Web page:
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crusty_rusty59

Neogene Newbie
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Posts: 2
Reply with quote  #1 

OK, so I pace fields near to Axmouth and Lyme Regis.

Am finding fossils regularly, and although I think I may know what they might be, I could do with some help regarding how old, and maybe also how a Chert Nodule is even formed.

Pictures attached. They're all peachy, in my opinion. I can enlarge any of these, if required.

Micraster Urchin(s), Echinorys Urchin, Mussel(s), Oyster, Seashell, Coral, Scallop Sp. and a fragment that looks like is should be something.

18jan2018.jpg  rs18.png 


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prep01

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Cambrian Rockhound
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Reply with quote  #2 
Hello and welcome to the forum.
You aren't too far off with your ID's, but I would need a lot more photos of each individual specimen, taken in natural over cast light, a scale (a mm ruler is the best) and as many different views of each as is possible and close ups (macro) of any fine detail.
They are all I think of Creaceous age (65 - 120 myo) and I think between 65 and 80 myo.
From what I can see at the moment:
1, 2 & top leftof 2nd photo are a bivalve of the genus Inoceramus.
Top right 2nd photo I can't tell - ned more photos.
Bottom pspecimen is an urchin, but can't tell any more without more photos.
The ?coral as above (but not urchin).
The urchin in flint - will it come out? Need more photos (macro of top centre, underside and profile).This applies to all urchins.
The next photo is (top) Inoceramus, bottom left need better photos and right is another urchin.
The last photo, left urchin, but need more photos and right is a parial bivalve, but need moe photos.
I'm sorry for going on about photos, but it is difficult to give correct ID's from photos as it is - different fossils have various ID criterea, but what you have found are pretty good! Keep it up and we LOVE photos.
Lastly, your nodules are flint rather than chert - they are both the same substance (Silicon dioxide [SiO2] but flint formed in the Late chalk (65 - 85 mya), while chert formed between 100 - 130mya (and at other times in geological history).
Regards,



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Colin Huller
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crusty-rusty5959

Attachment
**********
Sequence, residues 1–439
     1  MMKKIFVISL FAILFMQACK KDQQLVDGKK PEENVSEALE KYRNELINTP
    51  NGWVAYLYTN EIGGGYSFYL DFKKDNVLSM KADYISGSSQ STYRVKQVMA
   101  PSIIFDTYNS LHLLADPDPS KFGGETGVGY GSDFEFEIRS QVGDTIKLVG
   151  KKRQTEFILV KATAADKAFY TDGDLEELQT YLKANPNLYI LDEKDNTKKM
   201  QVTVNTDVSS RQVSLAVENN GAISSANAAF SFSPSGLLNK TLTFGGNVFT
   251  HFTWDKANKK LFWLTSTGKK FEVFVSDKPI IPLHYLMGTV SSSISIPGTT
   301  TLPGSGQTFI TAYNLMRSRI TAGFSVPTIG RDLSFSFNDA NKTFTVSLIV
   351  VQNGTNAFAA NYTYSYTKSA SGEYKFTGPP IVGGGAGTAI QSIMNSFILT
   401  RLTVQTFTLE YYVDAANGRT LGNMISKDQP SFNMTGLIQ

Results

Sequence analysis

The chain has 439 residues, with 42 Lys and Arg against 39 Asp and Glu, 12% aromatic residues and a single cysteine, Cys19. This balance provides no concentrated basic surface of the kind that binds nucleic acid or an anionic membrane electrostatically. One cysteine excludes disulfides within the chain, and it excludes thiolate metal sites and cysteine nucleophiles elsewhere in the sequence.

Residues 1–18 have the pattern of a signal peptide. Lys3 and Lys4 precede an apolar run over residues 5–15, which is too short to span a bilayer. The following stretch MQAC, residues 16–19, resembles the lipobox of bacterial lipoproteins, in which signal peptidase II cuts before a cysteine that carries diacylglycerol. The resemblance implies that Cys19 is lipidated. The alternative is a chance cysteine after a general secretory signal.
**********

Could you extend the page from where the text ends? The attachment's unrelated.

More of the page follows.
Reply with quote  #3 

Hey, such a detailed response, thanks.

I had these fossils as approx 60 - 90 million years old, so maybe I got this bit right. Give or take a few years, obviously.

 

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crusty_rusty59

Neogene Newbie
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Reply with quote  #4 

Thank you for your prompt reply. Here are pics of most you ask for. Hopefully I can answer with the photos I have.

A question of my own too. Please bear with me, ok?

Top right of 2nd Photo is as best I can offer. A Gastropod of some kind? I don't own this fossil. Bottom Urchin, I don't still have either, sorry. Assumed it to be a Micraster Urchin. I find a few of these, but only post what looks good.

Coral ? Is here, with ruler. And a reverse side too. It's pretty small.

The Urchin in Flint no longer belongs to me. It was about 3cms across the widest part, and about 4cms deep. I wouldn't ask it was taken out of the stone, in case something got broke. Isn't it best left in the stone anyway ??

Better photo of the mystery fossil can only be bigger. Nothing at all to see underneath.

The last two are all I can offer also, Urchin, and Scallop type. Best pic is attached.

Attached Images
Click image for larger version - Name: gastropod.jpg, Views: 14, Size: 21.99 KB  Click image for larger version - Name: coral1.jpg, Views: 16, Size: 244.97 KB  Click image for larger version - Name: coral2.jpg, Views: 16, Size: 114.59 KB  Click image for larger version - Name: mystery_fossil.png, Views: 14, Size: 751.25 KB  Click image for larger version - Name: last_two.jpg, Views: 14, Size: 61.77 KB 

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mike rasta

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Reply with quote  #5 
Pic w/ blue background shows an Inoceramid bivalve, Micraster and an abraded Spondylus spinosa scallop in flint...
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